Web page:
Fender Lovin' Care

Gene Cernan accidentally tore off the right rear fender of the Apollo 17 rover during EVA-1.  The replacement is about 50 cm on a side and will be held in place with small clamps that were in the cabin

Painting Completed 1995
15 x 21 inches, Acrylic on Aircraft Plywood

Apollo 17 Astronauts Gene Cernan and Jack Schmitt are doing some "low-tech" bodywork on their high-tech lunar rover. During their first moonwalk, Gene accidentally hooked the hammer he carried in his right leg pocket on the rover's right-read fender extension, knocking it off. He fixed it temporarily by taping it back on using gray duct tape. Unfortunately, somewhere on their lunar drive the tape gave way and the fender extension fell off and was lost for good.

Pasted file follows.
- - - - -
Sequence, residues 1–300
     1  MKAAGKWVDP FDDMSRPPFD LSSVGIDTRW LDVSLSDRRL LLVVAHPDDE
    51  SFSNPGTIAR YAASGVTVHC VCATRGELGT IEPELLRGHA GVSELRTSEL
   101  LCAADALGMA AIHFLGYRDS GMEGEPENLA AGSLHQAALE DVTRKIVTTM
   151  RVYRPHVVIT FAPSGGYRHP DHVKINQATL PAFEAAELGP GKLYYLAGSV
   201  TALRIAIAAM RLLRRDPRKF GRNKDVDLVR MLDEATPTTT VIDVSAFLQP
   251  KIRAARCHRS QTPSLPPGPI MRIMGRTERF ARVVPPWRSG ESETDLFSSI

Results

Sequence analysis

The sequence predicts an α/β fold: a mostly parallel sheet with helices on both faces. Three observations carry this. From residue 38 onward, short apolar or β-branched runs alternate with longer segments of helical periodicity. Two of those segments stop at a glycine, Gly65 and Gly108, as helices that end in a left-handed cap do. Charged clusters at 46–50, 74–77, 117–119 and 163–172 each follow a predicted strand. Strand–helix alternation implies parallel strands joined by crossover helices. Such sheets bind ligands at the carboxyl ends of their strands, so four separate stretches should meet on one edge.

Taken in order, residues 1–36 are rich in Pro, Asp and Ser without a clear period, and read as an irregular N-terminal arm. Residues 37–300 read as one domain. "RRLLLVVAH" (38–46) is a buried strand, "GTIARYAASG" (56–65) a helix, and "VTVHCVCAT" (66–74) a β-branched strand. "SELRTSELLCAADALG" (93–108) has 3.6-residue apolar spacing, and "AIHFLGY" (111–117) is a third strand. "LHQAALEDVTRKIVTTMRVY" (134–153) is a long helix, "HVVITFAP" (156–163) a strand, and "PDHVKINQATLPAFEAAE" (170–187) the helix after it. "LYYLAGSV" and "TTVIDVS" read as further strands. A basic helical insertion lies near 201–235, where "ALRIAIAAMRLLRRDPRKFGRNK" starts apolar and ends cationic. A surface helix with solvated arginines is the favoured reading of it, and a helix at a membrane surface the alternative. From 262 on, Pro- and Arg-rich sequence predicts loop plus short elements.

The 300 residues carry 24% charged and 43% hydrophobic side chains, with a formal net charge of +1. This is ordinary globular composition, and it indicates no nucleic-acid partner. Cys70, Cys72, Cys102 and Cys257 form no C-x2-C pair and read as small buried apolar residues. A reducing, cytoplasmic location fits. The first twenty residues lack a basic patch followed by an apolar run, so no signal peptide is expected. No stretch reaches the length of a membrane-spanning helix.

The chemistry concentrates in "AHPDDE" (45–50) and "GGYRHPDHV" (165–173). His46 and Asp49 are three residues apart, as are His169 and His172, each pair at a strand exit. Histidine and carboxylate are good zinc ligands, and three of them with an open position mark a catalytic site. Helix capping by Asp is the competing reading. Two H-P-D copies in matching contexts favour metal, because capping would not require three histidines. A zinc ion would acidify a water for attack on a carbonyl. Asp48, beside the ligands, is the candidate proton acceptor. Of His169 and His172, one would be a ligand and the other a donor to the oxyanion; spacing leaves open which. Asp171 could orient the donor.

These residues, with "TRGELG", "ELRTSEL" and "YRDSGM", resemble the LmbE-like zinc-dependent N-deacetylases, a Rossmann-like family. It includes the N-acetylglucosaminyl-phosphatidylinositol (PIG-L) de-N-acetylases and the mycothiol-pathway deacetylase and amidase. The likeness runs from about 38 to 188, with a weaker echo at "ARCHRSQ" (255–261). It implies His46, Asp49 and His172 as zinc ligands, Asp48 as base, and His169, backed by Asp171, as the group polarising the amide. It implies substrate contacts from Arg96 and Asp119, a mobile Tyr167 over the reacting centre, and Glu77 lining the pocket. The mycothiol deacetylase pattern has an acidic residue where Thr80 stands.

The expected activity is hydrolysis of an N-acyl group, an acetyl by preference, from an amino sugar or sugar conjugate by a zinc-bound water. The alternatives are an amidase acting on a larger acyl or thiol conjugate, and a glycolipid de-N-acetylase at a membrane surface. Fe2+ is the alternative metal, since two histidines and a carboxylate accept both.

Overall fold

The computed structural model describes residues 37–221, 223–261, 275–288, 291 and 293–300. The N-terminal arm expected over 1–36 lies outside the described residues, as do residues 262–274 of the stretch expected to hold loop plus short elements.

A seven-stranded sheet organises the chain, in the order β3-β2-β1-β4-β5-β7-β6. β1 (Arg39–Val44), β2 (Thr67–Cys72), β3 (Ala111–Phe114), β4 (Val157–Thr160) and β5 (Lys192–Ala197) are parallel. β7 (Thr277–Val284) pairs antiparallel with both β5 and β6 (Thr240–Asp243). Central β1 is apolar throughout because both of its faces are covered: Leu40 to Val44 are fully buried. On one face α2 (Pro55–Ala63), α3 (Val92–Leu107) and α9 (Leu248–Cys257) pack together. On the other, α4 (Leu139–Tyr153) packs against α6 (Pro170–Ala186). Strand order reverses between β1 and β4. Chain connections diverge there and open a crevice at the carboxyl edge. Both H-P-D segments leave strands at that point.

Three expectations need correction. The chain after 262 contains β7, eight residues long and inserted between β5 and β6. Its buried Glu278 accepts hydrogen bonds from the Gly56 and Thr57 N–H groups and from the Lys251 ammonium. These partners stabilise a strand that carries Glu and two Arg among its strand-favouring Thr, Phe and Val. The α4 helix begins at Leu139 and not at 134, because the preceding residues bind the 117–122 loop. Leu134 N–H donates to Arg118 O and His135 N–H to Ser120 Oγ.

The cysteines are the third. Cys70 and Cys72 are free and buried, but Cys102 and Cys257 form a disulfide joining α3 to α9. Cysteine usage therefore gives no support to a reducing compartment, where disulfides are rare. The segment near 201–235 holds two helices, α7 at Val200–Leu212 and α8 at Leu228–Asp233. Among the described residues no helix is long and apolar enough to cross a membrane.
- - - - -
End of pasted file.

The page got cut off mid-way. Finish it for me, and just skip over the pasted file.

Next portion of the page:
Losing a part of a fender, a minor problem on planet Earth, is a serious one in the light gravity of the Moon. Gene would report, "Oh, it pretty near makes me sick losing that fender." Gene later said, "With the loss of the fender extension, the dust generated by the wheels is intolerable. Not just the crew gets dusty, but everything mechanical on the rover is subject to dust. I think dust is probably one of our greatest inhibitors to a normal operation on the Moon." Back on planet Earth, Astronaut John Young and other friends in mission control conceived a nifty repair. After wake-up the next morning, Gene and Jack would select four plasticized maps already used on the mission and tape them together. Back with the rover on the surface that morning, they could continue with the repair.

I painted Gene and Jack aligning the maps to the fiberglass fender. When Gene is satisfied, Jack will hold the maps steady as Gene secures them using two small clamps normally used to mount auxiliary lights inside the lunar module cabin. The fix worked!

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